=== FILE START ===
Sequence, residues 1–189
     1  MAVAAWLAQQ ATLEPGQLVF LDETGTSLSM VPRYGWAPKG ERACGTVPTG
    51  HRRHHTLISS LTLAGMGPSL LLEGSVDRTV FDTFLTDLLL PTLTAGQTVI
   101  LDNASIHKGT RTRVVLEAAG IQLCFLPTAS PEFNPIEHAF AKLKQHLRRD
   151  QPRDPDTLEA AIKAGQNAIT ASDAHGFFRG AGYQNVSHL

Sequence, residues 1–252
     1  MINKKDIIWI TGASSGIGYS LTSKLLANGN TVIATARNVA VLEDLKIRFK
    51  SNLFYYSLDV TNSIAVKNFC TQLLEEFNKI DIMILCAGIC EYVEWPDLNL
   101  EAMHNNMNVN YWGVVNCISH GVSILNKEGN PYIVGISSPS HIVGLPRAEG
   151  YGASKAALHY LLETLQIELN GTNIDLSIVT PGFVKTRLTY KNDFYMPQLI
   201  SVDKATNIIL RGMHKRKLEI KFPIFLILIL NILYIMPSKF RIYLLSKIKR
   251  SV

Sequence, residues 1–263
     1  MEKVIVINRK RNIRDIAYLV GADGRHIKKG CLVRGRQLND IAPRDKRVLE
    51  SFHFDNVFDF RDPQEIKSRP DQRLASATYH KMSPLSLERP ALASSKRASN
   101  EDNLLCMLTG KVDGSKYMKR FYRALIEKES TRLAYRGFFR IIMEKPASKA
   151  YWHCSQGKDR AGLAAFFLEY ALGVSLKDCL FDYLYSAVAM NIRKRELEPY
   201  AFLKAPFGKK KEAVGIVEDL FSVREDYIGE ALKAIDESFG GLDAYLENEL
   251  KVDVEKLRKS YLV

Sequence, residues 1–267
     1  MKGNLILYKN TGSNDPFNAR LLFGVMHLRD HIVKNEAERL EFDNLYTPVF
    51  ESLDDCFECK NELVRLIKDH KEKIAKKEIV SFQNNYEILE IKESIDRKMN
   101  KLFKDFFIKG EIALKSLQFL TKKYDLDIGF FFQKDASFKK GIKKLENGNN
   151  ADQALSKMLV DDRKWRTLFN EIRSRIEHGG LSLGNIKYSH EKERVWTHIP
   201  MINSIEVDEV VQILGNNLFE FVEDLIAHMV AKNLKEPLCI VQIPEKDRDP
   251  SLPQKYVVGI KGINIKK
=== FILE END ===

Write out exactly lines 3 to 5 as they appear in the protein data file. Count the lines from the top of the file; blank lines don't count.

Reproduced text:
    51  HRRHHTLISS LTLAGMGPSL LLEGSVDRTV FDTFLTDLLL PTLTAGQTVI
   101  LDNASIHKGT RTRVVLEAAG IQLCFLPTAS PEFNPIEHAF AKLKQHLRRD
   151  QPRDPDTLEA AIKAGQNAIT ASDAHGFFRG AGYQNVSHL